Thesis: Police interrogations can occasionally lead to false confessions due to misclassification, coercion, and contamination. I. The phrase “Innocent until proven guilty” is a popular statement among law enforcement and government employees, but this statement is not always upheld, as various errors, such as misclassification, are a major cause of false confessions. A. Misclassification errors are caused by “investigator bias,” where the investigator goes into the interrogation believing the suspect is guilty. (Keene) B.
It’s mind blowing how the justice sentence can convict somebody solely off an eye witness testimony, especially if the eye-witness isn’t accurate. “Eyewitness misidentification is the greatest contributing factor to wrongful convictions proven by DNA testing, playing a role in more than 70% of convictions overturned through DNA testing nationwide.’’ (Eyewitness Misindentification,2017) Immediately after reporting the crime, the victim was taken to a hospital where a rape kit was administered, and swabs were taking from her body. Days after the rape the victim was also shown two photo lineups of suspects, however she didn’t identify anyone. Following the attack, the victim moved from San Antonio to Dallas. The case remained unsolved for a little over a year, that was until Dallas detectives mailed another photo line up to the victim in San Antonio, where she subsequently chose Lindsey as her alleged rapist.
When they say there confession in their own language it can be misinterpreted by lawyers and police to make it say what they want to hear which leaves the victim at a disadvantage. False confessions are miscommunicated by detectives and police because the victim speaks a different language. An example of this happening is with the case of Angel Gonzalez. Angel Gonzalez is a Hispanic man who was convicted of kidnap and rape in 1995. When Angel was arrested for this crime and taken in by police he knew little English.
In fact there has been much research showing the problems with eyewitness testimony such as suggestive police interviewing, unconscious transference, and malleability of confidence (Campbell & Denov, 2016, p.227). All of these components lead to eyewitness error and essentially false incrimination. Secondly, another factor that can contribute to wrongful conviction is the use of jailhouse informants. Campbell & Denov (2016), describe jailhouse informants as prisoner informants that “provide information to law enforcement officials in exchange for money, property, or the promise of leniency in sentencing” (p. 229). This can be problematic because jurors place value on the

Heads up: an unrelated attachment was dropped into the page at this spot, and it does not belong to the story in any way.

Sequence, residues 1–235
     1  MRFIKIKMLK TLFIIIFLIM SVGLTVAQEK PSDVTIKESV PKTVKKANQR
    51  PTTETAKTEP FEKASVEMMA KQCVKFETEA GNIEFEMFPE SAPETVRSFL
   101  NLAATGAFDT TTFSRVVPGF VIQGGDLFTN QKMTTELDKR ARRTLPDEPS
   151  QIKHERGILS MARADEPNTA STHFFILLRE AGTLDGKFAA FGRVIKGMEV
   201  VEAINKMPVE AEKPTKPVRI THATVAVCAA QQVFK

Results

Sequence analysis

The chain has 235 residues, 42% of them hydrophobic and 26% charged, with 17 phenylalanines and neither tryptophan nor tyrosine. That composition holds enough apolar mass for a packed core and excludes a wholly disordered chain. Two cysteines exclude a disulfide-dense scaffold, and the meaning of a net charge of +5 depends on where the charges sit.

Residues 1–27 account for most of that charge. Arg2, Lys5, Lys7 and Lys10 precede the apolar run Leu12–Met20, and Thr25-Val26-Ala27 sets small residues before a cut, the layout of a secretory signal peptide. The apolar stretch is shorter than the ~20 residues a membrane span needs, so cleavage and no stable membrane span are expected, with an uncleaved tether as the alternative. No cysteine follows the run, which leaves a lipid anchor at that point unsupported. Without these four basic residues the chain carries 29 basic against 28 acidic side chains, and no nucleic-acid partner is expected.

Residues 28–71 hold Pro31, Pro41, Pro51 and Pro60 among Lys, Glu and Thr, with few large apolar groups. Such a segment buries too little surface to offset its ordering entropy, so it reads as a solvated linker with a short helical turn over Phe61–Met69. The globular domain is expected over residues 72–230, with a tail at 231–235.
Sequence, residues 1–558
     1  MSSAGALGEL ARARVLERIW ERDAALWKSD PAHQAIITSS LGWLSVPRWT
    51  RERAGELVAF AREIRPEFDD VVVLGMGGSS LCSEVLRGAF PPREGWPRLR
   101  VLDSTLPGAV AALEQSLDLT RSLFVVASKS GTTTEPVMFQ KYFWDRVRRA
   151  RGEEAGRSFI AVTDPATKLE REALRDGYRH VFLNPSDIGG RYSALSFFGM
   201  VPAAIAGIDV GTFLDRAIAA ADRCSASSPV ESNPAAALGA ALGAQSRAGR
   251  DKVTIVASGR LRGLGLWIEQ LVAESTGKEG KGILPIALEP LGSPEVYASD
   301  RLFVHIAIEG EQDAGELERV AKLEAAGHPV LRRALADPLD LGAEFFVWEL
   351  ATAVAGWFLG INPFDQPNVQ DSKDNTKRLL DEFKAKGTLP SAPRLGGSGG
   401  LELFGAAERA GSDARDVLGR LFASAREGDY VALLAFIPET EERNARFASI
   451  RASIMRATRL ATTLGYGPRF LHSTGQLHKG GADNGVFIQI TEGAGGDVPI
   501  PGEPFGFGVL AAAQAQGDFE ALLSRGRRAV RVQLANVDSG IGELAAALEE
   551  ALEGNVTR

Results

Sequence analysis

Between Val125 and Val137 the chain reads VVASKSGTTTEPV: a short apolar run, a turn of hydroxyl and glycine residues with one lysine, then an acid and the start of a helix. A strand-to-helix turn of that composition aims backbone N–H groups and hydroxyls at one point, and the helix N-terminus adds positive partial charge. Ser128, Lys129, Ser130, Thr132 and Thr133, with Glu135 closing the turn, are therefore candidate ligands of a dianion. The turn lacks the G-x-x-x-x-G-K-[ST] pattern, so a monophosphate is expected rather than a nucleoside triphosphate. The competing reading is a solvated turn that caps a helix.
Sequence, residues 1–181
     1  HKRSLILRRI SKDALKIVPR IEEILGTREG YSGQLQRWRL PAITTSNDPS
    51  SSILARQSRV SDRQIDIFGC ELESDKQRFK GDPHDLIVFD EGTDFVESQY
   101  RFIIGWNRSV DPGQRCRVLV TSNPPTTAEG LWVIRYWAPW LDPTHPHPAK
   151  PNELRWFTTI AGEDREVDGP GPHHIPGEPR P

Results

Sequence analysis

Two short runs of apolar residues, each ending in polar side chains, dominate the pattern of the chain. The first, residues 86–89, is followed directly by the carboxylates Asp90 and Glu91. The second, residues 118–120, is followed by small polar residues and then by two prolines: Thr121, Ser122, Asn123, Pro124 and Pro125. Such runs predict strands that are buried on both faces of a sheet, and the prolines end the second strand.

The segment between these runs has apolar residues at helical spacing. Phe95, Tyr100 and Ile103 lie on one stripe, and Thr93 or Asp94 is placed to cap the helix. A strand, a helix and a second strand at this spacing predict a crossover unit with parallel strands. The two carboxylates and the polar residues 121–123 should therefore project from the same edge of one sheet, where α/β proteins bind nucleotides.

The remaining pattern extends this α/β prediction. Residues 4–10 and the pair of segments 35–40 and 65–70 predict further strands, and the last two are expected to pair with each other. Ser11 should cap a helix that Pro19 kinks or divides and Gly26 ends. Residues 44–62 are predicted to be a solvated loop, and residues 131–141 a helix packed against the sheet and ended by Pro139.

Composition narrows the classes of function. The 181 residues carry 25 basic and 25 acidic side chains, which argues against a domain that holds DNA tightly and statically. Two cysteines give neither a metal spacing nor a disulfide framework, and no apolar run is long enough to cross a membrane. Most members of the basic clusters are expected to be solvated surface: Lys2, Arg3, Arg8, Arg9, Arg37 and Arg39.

While it is true innocent people have been exonerated while on death row and some may have even been executed, new technology provides greater evidence to proof either one’s guilty or innocent ( “Wrongful Convictions Overturned in Death Penalty Cases Due to Advances in DNA Testing”). The advancement in DNA testing allows future cases and past cases to obtain justice, ensuring that the innocent will not have to worry of wrongful convictions and victims families can gain closure. There are other factors that can tie into wrongful convictions these are the jurys, courts, and police. Bias based on race or religion does occur, prosecutors have been found to sometimes target individuals using the death penalty as a trophy to show off (“Wrongfully Convicted Louisiana Man Asks Justice Department to Investigate New Orleans Prosecutors”). In 2010 exonerations for black males were 71, higher than white males which were 53 (“Capital Punishment: Cruel and Unusual?”).
Walking out after my False Confessions speech on Monday, I felt defeated. While I know no speech is ever perfect- including mine- it did not live up to my expectations for myself. Although everyone seemed interested in my topic, my introduction was good, and I presented without even looking at my notecards, I was visibly frustrated when presenting because of time. Time constraints always make me anxious and underperform whether it be timed testing, racing against the clock in a swim meet, or presenting a speech. My anxiety caused me to fumble over the words I had practiced so clearly earlier and rush through citations that gave a lot of credibility to the speech.
In the article it shows that it was at times that there were innocent people waiting to be executed even though they were innocent and were lucky that evidence of their innocence emerged if it didn't they would have be executed. “Since 1973, 144 people on death row have been exonerated. As a percentage of all death sentences, that's just 1.6 percent. But if the innocence rate is 4.1 percent, more than twice the rate of exoneration... an untold number of innocent people have been executed...”(One in 25 sentenced to death in the U.S. is innocent, study claim). It is a small chance of getting executed even if innocent that is why the death penalty should be illegal in the